Explain the Theme of Fear and Heart of Darkness in the story through the various incidents?

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Noelle Thompson eNotes educator| Certified Educator

Fear is absolutely a prominent theme in Lord of the Flies, but I’m not sure that Joseph Conrad’s book Heart of Darkness can really be considered a theme in Lord of the Flies. (Perhaps it could be considered an allusion.) However, the two books certainly share the theme of fear and savagery. Let’s look at those two themes using examples from the book in order to answer your question more thoroughly.

First, let’s look at the theme of fear. Probably the best example is the group of boys’ fear of the unknown that they represent visually as a “beast” on the island they inhabit.

Maybe there is a beast … maybe it's only us.

The irony is that the “beast” ends up being personified as a dead body, the corpse of a dead paratrooper in the fallout of the atomic wars, the boys simply do not understand what it is. As the story moves on, some of the boys fear the new, uncivilized nature of the group. In my opinion, this is best shown by the character of Simon. Simon finds a beautiful and hidden place in the jungle that none of the other boys know about because it is deftly hidden by a mass of creeper vines. Simon often flees to this place in order to escape the craziness of his tribe and think about the grandiose beauty of the natural jungle. What he is really fleeing is the beast that the tribe has become.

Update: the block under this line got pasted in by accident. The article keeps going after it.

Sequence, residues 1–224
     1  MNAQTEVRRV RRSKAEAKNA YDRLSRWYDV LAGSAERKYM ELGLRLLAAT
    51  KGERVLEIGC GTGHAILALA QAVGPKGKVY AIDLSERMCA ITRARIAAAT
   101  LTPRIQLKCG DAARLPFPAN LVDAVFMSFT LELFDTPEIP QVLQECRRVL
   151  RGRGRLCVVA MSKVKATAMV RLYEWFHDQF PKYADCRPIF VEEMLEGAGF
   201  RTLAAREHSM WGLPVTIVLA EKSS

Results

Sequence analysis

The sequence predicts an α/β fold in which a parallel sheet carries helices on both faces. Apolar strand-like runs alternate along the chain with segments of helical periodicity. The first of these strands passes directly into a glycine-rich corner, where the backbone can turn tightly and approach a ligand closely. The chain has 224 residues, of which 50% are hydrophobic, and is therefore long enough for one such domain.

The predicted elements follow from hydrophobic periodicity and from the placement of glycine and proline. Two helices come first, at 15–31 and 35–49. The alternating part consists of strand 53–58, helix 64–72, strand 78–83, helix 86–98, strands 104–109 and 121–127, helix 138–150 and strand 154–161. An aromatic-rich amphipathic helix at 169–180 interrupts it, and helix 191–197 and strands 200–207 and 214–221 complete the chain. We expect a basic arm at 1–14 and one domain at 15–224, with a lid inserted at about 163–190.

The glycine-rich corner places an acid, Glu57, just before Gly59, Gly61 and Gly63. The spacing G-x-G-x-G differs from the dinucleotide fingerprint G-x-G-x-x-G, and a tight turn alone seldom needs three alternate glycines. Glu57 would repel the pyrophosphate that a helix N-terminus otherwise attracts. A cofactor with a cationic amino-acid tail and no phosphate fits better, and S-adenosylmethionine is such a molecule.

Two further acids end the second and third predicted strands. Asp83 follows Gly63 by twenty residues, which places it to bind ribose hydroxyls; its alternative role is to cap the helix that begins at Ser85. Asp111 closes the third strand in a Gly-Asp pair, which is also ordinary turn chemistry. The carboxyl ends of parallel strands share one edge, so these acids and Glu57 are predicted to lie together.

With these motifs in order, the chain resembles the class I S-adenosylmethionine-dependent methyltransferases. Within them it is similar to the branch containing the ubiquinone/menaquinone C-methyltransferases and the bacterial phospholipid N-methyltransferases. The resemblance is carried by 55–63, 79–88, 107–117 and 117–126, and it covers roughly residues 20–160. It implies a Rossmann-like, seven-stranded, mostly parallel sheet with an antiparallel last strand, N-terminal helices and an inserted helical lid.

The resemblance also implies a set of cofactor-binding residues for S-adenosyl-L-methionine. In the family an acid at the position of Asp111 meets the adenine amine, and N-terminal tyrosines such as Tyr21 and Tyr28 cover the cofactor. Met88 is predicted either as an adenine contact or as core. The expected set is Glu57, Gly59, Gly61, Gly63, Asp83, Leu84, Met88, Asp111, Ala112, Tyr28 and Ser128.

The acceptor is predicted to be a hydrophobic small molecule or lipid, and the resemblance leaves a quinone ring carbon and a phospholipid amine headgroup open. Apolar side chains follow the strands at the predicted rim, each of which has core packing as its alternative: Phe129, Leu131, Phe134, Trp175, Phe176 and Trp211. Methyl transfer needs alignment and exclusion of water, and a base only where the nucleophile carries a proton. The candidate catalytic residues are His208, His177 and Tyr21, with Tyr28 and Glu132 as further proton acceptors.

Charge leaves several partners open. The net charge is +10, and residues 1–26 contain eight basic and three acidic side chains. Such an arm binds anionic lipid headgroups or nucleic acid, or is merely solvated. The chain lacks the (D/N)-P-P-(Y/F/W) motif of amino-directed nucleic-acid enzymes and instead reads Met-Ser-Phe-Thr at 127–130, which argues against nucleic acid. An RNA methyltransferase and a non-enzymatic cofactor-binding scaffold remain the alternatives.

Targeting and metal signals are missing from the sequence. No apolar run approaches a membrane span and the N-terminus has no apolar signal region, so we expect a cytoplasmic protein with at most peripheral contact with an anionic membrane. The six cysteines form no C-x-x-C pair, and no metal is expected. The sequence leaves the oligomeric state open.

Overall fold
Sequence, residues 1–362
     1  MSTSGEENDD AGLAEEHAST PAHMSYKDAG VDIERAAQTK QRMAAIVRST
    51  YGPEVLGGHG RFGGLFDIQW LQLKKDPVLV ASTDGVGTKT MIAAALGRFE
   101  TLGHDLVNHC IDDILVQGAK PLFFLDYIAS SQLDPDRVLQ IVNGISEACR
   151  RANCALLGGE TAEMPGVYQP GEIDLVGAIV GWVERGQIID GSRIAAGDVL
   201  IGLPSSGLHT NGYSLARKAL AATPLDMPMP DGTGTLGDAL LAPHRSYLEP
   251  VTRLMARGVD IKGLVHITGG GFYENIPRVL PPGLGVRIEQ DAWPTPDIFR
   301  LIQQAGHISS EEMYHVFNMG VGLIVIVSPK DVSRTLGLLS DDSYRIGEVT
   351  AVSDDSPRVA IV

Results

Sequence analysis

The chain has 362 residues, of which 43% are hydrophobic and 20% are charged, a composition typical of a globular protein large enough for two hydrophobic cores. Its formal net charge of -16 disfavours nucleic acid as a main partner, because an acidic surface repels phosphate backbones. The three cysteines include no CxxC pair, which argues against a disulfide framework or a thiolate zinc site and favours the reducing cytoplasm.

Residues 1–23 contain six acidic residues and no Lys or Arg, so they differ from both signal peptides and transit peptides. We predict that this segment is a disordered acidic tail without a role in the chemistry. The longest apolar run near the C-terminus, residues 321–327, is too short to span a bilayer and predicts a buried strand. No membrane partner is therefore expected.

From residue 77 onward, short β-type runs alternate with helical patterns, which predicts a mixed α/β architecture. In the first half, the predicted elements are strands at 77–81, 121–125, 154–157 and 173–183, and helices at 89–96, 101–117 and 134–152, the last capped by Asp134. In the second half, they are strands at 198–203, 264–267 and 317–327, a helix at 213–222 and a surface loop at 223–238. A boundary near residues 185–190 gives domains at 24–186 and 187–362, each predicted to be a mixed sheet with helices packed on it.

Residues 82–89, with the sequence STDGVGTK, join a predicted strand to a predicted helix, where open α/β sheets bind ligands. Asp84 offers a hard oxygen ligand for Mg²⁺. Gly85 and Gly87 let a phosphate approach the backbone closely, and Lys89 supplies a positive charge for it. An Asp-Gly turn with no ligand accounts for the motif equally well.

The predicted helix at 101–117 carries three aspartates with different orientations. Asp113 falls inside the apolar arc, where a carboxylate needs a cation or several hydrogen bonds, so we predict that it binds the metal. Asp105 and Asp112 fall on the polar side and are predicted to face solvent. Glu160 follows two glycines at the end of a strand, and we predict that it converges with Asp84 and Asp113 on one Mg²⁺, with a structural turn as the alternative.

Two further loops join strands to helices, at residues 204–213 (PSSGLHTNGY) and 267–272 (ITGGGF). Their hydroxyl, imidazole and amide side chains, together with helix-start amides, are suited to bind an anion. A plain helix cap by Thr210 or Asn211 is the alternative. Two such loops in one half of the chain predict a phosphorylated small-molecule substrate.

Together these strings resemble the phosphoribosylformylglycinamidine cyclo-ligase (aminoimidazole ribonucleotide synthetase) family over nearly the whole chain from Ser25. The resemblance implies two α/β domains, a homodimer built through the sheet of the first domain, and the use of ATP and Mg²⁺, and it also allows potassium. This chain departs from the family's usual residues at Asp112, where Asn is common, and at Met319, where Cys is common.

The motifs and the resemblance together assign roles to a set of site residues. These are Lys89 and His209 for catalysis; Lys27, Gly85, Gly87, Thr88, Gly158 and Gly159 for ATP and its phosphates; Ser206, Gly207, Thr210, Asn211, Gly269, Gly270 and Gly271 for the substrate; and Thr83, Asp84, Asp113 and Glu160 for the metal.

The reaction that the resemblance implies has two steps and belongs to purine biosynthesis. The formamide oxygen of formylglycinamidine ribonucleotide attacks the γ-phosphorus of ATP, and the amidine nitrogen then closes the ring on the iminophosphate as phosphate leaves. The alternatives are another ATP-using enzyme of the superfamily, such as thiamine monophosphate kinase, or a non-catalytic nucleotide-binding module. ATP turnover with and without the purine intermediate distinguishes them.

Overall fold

In regards to Conrad’s Heart of Darkness, there is a definite connection to descent into savagery as a theme. One can see this physically in the boys appearance as they continue to live on the uncharted island. When they first arrive, they are still adorned in proper British schoolboy uniforms; however, as they begin to get used to living in such a wild place, they become wild themselves. Their hair is unbrushed and unkempt. Their clothes are raggedy. Their shoes are discarded. This echoes Kurtz’s descent in to savagery found in the Heart of Darkness. Another example of this savagery is the decision to choose Jack (the roughest) as the eventual ruler over Ralph (the most realistic). The new tribe that chooses Jack’s leadership is the tribe that kills both Simon and Piggy.

Ralph wept for the end of innocence, the darkness of man's heart, and the fall through the air of the true, wise friend called Piggy.

In conclusion, the themes of fear and savagery are the two themes most closely related to Conrad’s Heart of Darkness. The boys have a grand fear of the unknown that manifests itself in the “beast” of the title. Further, they descend into savagery when they choose Jack over Ralph as their leader. Murder ensues and chaos reigns.

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Lord of the Flies

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